Some say revenge is a dish best served cold. When it comes to alleged electoral interference by Russia, the White House apparently thinks it's also best served largely symbolically.
On Thursday, President Obama announced several emblematic measures against Russia for "cyber operations aimed at the US election", including expelling 35 Russian intelligence operatives from the United States, sanctioning two of the country's security agencies and releasing a declassified report detailing malicious cyber activity by Russian actors.
For months, the White House has threatened a "proportional" response to Russia's alleged hacks of Democratic figures and institutions during this year's US election. Finally coming weeks after the election itself due to fears of Russian retaliation, Obama aides told The New York Times that the sanctions may have been too little, too late.
Russia's Foreign Ministry, however, condemned the measures as "one last blow to relations" by the outgoing Obama administration and vowed "if Washington takes new hostile steps, it will receive an answer".
"Frankly speaking, we are tired of lies about Russian hackers that continue to be spread in the United States from the very top," said spokesperson Maria Zakharova in a statement. "The Obama administration launched this misinformation half a year ago in a bid to play up to the required nominee at the November presidential election and, having failed to achieve the desired effect, has been trying to justify its failure by taking it out with a vengeance on Russian-US relations."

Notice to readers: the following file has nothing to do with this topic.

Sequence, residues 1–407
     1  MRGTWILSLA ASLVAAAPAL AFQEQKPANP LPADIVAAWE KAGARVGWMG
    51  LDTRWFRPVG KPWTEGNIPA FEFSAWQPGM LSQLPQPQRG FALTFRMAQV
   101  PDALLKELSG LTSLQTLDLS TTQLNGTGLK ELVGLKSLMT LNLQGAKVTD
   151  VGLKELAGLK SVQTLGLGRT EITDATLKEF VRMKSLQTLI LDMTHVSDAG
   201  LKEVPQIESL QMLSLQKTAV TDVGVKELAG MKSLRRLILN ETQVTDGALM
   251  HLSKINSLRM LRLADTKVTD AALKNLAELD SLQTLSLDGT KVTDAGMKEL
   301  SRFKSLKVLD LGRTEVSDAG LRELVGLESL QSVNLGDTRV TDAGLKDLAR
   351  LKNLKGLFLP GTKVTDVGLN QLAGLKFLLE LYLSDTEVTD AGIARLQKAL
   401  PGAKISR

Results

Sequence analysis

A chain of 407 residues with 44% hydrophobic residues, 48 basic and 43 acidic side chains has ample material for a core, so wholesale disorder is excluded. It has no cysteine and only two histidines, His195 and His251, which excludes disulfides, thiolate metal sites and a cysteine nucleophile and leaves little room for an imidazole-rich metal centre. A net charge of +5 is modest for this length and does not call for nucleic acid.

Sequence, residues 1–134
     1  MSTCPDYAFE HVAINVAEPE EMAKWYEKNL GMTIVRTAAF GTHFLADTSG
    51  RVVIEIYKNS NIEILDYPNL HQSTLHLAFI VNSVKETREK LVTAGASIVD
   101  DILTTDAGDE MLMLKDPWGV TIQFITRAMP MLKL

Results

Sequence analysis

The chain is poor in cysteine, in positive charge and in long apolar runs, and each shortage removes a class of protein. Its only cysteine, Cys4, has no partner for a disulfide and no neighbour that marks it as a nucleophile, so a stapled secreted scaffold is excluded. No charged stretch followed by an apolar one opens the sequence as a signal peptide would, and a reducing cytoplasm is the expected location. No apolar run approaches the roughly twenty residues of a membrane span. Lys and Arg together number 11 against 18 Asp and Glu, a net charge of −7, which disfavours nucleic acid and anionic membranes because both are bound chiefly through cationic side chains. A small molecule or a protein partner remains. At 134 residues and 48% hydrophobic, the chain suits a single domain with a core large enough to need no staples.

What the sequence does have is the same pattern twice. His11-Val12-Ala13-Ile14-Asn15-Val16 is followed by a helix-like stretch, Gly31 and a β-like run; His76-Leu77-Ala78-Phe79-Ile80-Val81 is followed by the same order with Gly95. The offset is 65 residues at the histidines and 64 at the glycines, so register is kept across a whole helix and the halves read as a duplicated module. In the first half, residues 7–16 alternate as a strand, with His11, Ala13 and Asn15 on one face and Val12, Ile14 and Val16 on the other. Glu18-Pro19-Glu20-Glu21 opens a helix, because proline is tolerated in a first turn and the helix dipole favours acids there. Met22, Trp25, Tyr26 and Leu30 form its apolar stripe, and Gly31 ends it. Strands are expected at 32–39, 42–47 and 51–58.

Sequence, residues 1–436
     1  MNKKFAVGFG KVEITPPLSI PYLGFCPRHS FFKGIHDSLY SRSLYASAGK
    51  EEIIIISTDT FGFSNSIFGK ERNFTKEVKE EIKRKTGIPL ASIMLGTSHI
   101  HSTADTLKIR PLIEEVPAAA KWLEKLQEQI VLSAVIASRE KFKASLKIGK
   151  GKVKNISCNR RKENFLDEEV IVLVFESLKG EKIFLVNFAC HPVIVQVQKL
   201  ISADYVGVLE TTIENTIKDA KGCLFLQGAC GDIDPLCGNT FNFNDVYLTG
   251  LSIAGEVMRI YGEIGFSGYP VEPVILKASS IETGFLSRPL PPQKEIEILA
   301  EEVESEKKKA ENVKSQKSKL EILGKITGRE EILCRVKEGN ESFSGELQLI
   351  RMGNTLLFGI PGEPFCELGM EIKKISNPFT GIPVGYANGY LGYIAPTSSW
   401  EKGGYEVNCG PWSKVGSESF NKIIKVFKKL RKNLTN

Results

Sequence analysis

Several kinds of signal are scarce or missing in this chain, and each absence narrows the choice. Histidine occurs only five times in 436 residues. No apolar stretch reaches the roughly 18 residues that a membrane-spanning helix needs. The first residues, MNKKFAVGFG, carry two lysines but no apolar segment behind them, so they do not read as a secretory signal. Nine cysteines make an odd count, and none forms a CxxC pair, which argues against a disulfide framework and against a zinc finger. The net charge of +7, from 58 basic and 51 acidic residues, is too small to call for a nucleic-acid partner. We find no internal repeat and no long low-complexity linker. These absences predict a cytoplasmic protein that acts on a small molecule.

For his part, US President-elect Donald Trump has repeatedly dismissed suggestions of Russian interference, even questioning the findings of the American intelligence community. By publicly releasing a joint analysis report by the FBI and Homeland Security pointing the figure at Russia, Obama will force Trump to directly refute their claims — and the suspicions of his fellow Republicans — if he wishes to lift the sanctions once in office.
Asked about Russian hacking and possible sanctions on Wednesday, however, Trump only noted, "I think that computers have complicated lives very greatly."
"I think we ought to get on with our lives," said Trump. "The whole age of computer has made it so nobody knows exactly what's going on."